Abstract: A traditional view holds that natural language is fundamentally semiotic, in that individual syntactic  terminals are Saussurean “signs” (Saussure 1916; Hjelmslev 1943): they are the locus where individual  units of form are paired with individual units of meaning. 

It has always been clear, however, that more needs to be said to make such a view work. For one thing,  it is likely that no two performances of the “same form” are literally identical. But even if we were to  artificially abstract away from phonetic detail, there would still remain the issue of allomorphy, and,  perhaps most pressingly, of alternations in which the resulting forms are not phonotactically predictable  (e.g. the alternation of the Korean nominative marker between ‑i and ‑ka). On the meaning side, we must  contend with things like systematic polysemy (cf. the artifactual and abstract senses of book in a sentence  like This book is old and crumbling but will affect your life like no other). But it is quite widely assumed,  in practice if not in theory, that given the right models of allomorphy and polysemy, a semiotic view of  natural language can be salvaged. One can see this de facto assumption at work every time anyone asks, “What does the word (or morpheme) w in this language mean?” or “How do you say meaning m in this  language?” These are questions that only make sense within a fundamentally semiotic framework. In other  words, a common working assumption (if not a theoretical one) is that natural language is composed of  signs after all, it’s just that the “forms” and “meanings” that are paired by these signs are more abstract  than one might have initially thought—in a way that provides the necessary leeway to capture phenomena  like allomorphy (up to and including suppletion) as well as polysemy.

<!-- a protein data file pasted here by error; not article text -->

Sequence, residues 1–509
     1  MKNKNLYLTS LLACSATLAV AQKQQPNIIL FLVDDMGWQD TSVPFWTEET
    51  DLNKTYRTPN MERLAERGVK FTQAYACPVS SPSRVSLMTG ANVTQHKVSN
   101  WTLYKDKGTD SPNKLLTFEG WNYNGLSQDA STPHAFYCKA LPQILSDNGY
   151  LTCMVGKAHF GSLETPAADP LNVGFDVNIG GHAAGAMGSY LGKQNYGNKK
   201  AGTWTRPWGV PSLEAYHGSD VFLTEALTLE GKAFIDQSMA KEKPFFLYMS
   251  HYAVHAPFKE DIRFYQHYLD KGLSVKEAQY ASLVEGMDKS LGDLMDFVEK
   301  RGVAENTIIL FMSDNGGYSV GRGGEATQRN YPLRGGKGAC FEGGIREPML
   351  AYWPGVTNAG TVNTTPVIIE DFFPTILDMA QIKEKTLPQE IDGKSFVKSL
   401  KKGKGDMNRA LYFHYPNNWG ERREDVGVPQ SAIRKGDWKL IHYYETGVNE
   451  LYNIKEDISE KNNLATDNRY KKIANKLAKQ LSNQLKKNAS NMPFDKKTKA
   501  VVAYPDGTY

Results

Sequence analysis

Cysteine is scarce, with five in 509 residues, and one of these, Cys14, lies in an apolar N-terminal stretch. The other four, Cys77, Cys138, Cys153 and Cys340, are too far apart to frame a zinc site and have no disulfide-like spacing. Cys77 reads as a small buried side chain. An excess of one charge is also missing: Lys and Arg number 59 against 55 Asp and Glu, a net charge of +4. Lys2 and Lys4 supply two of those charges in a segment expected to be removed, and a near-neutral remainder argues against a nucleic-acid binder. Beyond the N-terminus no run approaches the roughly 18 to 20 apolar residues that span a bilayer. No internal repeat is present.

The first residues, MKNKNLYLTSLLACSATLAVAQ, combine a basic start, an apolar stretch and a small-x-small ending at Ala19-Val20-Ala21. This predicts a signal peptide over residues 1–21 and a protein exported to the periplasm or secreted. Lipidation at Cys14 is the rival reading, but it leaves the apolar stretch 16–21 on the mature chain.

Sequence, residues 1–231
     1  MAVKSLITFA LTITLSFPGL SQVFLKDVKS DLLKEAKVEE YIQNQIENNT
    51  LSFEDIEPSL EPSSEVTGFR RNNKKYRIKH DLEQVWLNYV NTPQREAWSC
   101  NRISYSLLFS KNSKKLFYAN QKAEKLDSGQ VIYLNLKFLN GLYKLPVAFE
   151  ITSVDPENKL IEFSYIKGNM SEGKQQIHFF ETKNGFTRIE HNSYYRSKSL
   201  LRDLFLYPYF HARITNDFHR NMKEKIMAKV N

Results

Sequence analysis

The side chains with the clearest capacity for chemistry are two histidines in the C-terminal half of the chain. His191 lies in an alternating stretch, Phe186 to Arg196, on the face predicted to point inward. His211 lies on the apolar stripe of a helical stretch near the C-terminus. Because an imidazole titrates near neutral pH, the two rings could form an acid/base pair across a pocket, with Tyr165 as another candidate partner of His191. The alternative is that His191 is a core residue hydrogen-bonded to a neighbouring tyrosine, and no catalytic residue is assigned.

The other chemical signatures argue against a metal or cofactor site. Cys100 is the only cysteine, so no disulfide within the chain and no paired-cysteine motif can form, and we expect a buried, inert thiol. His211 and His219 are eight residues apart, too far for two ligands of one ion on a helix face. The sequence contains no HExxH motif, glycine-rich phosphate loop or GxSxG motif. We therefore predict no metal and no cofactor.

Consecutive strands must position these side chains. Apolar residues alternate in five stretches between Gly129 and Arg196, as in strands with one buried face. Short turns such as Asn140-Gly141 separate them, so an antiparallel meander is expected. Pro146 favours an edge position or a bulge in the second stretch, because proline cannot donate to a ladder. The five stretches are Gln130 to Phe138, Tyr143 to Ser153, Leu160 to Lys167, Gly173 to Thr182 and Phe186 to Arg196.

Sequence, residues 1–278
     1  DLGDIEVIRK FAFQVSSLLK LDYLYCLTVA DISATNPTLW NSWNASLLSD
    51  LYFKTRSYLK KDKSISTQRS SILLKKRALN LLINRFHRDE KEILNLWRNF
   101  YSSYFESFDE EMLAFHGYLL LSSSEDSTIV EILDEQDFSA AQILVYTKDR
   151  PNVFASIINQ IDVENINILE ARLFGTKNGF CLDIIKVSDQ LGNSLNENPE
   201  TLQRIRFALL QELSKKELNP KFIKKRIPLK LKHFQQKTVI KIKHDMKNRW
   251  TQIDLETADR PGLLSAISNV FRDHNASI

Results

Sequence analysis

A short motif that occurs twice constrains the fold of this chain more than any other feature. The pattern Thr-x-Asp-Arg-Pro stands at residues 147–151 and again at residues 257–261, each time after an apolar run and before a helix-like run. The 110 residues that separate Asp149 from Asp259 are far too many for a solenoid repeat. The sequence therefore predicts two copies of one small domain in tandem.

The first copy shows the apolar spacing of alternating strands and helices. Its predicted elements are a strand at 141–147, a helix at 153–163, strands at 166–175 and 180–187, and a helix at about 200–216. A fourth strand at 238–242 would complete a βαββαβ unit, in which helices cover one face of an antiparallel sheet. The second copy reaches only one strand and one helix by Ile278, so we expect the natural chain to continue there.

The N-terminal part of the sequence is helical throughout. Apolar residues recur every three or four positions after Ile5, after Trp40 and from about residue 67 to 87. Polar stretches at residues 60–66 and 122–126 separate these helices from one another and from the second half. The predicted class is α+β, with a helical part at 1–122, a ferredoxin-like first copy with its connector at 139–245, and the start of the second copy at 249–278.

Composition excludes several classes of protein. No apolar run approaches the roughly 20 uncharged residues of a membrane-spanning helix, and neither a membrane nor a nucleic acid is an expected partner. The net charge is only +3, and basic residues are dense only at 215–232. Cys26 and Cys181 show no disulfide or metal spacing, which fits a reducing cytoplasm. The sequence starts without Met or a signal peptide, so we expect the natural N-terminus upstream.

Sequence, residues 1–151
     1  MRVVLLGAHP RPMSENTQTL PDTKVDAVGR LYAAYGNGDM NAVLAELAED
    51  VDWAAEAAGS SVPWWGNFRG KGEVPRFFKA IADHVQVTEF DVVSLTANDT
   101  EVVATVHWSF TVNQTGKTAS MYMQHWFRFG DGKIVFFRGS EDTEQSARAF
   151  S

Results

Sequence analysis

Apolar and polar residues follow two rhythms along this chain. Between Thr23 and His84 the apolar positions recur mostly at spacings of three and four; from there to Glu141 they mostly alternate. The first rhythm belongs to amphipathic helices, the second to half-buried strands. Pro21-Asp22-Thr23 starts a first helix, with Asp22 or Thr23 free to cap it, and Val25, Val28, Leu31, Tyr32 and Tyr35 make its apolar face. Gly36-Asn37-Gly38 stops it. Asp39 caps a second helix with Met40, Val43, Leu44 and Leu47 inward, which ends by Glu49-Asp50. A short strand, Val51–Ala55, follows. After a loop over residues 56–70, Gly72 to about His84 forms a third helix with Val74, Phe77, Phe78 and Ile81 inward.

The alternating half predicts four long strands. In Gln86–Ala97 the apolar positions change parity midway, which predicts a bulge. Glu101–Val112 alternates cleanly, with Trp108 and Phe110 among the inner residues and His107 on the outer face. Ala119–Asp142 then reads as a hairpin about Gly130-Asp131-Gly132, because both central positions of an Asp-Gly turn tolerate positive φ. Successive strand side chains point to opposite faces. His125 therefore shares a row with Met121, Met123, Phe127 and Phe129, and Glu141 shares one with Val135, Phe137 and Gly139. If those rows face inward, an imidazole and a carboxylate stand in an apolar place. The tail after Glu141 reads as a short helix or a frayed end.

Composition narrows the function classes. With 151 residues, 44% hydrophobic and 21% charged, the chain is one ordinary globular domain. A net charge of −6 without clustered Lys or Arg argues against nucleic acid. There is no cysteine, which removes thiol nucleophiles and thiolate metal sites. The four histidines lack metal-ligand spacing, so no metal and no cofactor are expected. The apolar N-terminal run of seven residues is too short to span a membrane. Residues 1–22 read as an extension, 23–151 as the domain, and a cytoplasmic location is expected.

In this talk, I present arguments that even this weaker semiotic characterization is incorrect. I argue  that, with the possible exception of single-morpheme utterances (e.g. Ugh!), a proper model of the  competence of a native speaker contains no pairings of form and meaning whatsoever. Instead, speaker  competence involves: (i) an inventory of syntactic atoms, which are fully abstract (associated with neither  form nor meaning); (ii) a list of mapping rules from sets of atoms to forms (“exponents”); (iii) a list of  mapping rules from sets of atoms to meanings (“lexical meanings”). Importantly, lists (ii) and (iii) are  disjoint objects; they have nothing to do with one another, except in the sense that the competence system  associates derived structures (consisting of items from list (i)) with items from list (ii) as well as with items  from list (iii). But the relation is necessarily indirect and mediated in this fashion. 

It is worth noting that lists (ii) and (iii), in this proposed model, bear some resemblance to the  “Vocabulary” and the “Encyclopedia” in Distributed Morphology (DM; see, e.g., Marantz 1997, and  references therein). But DM is still a fundamentally semiotic theory: the unit associated with form, albeit in  a context-sensitive way, is still the individual syntactic terminal; and the unit associated with meaning is  again the individual syntactic terminal (again, with potential allowances for context-sensitivity, in  particular when it comes to idiomaticity; see Harley 2014a,b). I present a collection of linguistic properties  (some language-specific, and some quite general) that only make sense in light of a more radically non semiotic model, one in which the relevant mappings are mappings from sets of syntactic terminals to units  of form (“exponents”), and from sets of syntactic terminals to listed meanings (“lexical meanings”). I also  show why a framework like Nanosyntax (Starke 2009, Caha 2019), which also maps sets of terminals to  forms and meanings, falls short of these explanatory goals, due to its failure to properly dissociate syntax form mappings from syntax-meaning mappings (cf. lists (ii) and (iii), above).